This workshop is offered as part of Libraries Transforming Communities (LTC): Models for Change, an initiative of the American Library Association (ALA) and the National Coalition for Dialogue & Deliberation (NCDD). The initiative seeks to introduce libraries to various dialogue and deliberation approaches, enabling libraries to foster conversation and lead change in their communities. LTC: Models for Change Series 2 highlights dialogue and deliberation models most useful for academic libraries.

LTC: Models for Change is made possible in part by the Institute of Museum and Library Services grant RE-40-16-0137-16.

You can find the original version of this announcement on ALA’s LTC site at: www.apply.ala.org/LTCMidwinter.

Community-Police Relations Confab Call Lessons with PCRC

In case you missed it, we had another fantastic Confab call with NCDD member org, the Peninsula Conflict Resolution Center (PCRC) in December. We were joined by roughly 60 participants to learn more about PCRC’s work over the last 20 years coordinating community-police relations and their best practices for how they have brought people together. Listen to the recording if you weren’t able to make it, because it was a great call!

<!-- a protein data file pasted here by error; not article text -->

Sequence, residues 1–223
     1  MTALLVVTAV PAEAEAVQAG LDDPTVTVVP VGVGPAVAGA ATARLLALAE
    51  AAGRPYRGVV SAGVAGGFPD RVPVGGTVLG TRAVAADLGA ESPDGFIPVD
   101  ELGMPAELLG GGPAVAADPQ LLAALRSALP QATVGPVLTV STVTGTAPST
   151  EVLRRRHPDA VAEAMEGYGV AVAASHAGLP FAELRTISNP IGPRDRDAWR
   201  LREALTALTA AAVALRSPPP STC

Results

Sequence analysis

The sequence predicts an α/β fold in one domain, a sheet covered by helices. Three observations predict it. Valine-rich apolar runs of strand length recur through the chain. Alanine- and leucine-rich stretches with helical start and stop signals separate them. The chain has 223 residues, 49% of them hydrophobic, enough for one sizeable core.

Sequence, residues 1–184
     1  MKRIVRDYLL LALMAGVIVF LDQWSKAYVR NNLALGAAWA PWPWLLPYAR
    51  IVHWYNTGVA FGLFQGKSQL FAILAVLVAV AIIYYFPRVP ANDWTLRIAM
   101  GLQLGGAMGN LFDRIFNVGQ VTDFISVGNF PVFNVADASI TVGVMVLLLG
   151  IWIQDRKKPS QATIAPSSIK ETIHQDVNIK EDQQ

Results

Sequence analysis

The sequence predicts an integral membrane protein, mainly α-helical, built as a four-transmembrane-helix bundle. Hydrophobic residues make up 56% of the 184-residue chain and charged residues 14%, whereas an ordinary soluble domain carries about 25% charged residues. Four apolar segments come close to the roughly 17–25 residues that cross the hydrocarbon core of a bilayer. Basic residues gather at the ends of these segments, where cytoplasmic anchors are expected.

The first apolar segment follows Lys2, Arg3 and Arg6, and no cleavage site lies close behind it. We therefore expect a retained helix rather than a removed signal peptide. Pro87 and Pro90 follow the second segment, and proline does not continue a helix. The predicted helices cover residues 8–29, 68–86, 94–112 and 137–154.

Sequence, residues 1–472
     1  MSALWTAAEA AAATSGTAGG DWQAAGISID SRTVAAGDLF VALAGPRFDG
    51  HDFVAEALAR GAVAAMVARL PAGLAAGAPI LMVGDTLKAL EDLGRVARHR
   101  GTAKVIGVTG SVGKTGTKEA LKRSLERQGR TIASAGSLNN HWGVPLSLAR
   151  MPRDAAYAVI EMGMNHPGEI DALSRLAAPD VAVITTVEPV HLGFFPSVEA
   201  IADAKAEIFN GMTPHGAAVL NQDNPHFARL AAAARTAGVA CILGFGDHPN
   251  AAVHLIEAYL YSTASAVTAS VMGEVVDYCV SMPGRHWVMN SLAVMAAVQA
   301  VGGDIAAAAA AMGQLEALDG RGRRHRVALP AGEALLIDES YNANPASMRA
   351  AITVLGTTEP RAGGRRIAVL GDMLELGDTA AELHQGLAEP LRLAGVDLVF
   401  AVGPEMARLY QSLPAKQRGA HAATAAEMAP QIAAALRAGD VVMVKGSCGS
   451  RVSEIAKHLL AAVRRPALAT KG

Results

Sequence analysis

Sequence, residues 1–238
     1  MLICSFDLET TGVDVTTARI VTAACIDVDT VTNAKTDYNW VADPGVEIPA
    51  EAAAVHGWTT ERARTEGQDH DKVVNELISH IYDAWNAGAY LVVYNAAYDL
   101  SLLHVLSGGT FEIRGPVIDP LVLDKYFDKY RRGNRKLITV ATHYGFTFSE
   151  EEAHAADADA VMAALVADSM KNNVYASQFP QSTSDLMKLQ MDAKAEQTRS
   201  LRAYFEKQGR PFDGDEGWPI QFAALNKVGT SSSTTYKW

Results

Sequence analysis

On the call, we were joined by PCRC Executive Director Michelle Vilchez and Engaging Communities Initiative Director Malissa Netane who shared with participants some of the tenets of PCRC and strategies they’ve used to bridge divides between the community and police in San Mateo County, CA. A big part of the work that PCRC does is done collaboratively and before any engagement effort immense pre-work must be done, especially for more contentious issues. They are diligent to go to the community they are working with and personally get to know folks, ensure that people have a space to share their stories before gathering together in a larger group, and build relationships through dialogue. PCRC is mindful of the communities they are working with and are sensitive of the particular needs of each group, they emphasized the vital need to work with cultural humility when dealing with communities. – “When engaging any group that’s outside your own, you don’t have to be an expert in someone else’s culture. Have a commitment to learn and know there are culturally appropriate ways to communicate.”